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MINA, Saudi Arabia, June 26, (Agencies): Some 2 million Muslim pilgrims officially began the annual Hajj pilgrimage on Monday, making their way out of Makkah after circling Islam’s holiest site, the Ka’aba, and converging on a vast tent camp in the nearby desert for a day and night of prayer. One of the largest religious gatherings in the world has returned to full capacity this year for the first time since the onset of the coronavirus pandemic three years ago. The pilgrimage is one of the five pillars of Islam, and all Muslims are required to make the five-day Hajj at least once in their lives if they are physically and fi- nancially able to do it. For pilgrims, it is a deeply moving spiritual experience that absolves sins, brings them closer to God and unites the world’s more than 1.8 billion Muslims. Some spend years saving up money and waiting for a permit to embark on the journey.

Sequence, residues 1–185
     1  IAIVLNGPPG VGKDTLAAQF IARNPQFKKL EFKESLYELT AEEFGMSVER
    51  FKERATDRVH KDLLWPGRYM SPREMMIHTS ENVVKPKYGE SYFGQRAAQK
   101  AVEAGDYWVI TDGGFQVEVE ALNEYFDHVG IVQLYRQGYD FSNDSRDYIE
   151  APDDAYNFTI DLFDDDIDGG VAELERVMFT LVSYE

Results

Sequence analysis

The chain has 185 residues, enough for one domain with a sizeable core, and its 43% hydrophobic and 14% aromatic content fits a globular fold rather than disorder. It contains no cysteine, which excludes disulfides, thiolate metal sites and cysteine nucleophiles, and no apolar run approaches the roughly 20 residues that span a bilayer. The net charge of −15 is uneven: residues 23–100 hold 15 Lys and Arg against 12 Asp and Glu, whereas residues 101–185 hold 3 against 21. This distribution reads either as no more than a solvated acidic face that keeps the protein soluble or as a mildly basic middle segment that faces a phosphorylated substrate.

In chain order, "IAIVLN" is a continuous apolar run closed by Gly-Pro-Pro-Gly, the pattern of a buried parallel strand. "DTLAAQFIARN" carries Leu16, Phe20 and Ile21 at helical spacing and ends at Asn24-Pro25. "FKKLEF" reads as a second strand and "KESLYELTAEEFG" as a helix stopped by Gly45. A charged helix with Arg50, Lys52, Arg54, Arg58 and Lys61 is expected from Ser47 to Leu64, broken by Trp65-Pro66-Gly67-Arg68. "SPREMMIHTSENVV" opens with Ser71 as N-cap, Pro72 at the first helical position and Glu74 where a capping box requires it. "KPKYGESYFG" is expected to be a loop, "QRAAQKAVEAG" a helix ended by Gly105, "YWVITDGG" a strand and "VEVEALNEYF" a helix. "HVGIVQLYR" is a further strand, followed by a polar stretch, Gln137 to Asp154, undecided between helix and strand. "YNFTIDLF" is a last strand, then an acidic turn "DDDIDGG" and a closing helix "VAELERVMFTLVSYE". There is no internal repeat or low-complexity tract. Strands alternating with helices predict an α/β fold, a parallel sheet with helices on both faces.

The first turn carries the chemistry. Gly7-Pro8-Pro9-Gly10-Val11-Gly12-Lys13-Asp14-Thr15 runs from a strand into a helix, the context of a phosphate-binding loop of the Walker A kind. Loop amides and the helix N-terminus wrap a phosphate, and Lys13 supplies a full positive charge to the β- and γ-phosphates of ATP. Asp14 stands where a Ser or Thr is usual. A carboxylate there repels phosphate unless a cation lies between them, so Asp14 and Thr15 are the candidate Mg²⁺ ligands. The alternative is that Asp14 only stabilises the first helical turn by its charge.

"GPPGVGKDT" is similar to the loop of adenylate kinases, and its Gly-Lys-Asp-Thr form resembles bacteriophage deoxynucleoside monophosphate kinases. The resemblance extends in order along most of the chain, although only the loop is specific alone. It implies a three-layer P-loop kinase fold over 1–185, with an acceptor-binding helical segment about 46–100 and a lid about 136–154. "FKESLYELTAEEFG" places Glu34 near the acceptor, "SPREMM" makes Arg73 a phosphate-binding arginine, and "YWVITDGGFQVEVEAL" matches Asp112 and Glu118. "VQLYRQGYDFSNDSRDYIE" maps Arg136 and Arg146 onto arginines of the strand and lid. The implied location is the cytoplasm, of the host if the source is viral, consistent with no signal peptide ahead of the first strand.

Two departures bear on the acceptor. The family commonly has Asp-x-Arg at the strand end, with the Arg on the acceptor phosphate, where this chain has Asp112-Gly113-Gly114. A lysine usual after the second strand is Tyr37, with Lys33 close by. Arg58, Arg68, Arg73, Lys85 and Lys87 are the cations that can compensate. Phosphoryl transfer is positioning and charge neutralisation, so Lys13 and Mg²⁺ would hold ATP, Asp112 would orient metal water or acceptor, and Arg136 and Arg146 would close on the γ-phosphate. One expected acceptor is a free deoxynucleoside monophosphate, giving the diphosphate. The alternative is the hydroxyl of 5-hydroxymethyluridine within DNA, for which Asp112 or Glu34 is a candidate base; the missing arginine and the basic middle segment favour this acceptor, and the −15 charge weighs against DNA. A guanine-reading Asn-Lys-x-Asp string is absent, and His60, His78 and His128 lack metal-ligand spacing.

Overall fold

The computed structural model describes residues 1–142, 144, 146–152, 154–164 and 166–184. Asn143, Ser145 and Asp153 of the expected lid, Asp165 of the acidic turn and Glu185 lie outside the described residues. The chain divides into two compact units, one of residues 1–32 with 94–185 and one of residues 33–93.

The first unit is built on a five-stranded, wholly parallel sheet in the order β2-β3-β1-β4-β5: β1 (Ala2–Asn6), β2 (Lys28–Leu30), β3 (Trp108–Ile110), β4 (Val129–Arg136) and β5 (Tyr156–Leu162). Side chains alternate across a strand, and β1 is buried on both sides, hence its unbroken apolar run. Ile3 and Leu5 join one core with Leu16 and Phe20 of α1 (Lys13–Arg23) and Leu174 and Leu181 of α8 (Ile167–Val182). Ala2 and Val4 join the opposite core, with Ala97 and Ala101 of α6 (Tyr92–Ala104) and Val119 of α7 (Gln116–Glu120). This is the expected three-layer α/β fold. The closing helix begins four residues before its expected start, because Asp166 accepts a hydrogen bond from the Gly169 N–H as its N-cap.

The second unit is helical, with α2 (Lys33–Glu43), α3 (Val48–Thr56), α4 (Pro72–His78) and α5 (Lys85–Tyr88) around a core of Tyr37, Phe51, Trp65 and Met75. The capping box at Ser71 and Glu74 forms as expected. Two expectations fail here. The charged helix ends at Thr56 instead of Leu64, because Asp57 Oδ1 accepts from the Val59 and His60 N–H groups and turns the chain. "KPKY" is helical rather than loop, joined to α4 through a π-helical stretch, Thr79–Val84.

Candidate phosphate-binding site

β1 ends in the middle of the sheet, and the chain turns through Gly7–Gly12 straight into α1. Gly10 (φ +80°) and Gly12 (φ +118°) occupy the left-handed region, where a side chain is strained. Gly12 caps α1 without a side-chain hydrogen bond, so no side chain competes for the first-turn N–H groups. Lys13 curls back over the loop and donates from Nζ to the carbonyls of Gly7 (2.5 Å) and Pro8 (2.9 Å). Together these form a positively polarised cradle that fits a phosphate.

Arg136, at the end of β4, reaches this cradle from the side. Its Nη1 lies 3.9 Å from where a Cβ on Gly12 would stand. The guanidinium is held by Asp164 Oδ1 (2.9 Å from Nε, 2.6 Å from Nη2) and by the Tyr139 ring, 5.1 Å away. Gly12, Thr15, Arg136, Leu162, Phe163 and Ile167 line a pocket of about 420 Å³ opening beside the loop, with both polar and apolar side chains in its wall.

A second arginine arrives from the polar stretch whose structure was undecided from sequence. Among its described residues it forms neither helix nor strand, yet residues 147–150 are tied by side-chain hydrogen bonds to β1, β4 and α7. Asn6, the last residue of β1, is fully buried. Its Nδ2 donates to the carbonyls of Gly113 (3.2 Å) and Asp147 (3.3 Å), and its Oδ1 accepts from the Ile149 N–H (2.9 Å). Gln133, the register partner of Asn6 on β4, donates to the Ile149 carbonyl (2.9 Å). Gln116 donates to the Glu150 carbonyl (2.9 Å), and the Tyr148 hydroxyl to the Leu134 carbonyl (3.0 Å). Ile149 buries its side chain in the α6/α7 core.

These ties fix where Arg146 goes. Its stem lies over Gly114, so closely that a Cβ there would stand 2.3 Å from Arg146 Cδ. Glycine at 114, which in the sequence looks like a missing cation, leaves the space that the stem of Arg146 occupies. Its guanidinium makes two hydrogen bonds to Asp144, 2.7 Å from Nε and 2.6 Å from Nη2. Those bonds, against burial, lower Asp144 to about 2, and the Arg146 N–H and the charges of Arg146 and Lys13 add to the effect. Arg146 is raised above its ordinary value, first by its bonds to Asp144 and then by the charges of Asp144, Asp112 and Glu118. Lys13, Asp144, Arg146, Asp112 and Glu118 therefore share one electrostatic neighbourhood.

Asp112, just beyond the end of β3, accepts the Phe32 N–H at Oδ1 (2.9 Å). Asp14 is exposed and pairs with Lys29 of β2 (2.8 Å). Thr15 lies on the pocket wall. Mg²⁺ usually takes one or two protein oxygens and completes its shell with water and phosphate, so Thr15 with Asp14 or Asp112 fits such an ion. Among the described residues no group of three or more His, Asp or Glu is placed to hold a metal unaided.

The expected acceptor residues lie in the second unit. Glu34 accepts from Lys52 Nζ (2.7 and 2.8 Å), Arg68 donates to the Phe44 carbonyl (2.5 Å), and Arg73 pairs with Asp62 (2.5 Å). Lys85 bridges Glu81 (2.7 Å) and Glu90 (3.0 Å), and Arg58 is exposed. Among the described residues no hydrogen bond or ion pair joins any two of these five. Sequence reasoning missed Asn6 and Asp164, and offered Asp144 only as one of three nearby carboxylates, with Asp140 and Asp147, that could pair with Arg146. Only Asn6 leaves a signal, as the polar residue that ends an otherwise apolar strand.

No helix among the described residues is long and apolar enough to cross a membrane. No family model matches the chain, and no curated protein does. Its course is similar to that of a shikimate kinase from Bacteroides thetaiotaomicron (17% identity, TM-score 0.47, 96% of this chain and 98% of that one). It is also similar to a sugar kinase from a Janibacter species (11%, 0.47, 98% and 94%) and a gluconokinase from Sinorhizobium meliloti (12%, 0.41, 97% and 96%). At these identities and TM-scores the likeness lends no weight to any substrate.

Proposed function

The rituals during Hajj largely commemorate the Holy Quran’s accounts of Ibrahim, his son Ismail and Ismail’s mother Hagar. Pilgrims have been doing the ritual circuit around the Ka’aba since arriving in Makkah over recent days. As the last ones performed it Monday, the pilgrims made their way by foot or by bus to Mina, where they will camp in one of the largest tent cities in the world. They will pray throughout the day and night before traveling on Tuesday to Mount Arafat, where the Prophet Muhammad (PBUH) is said to have delivered his final sermon.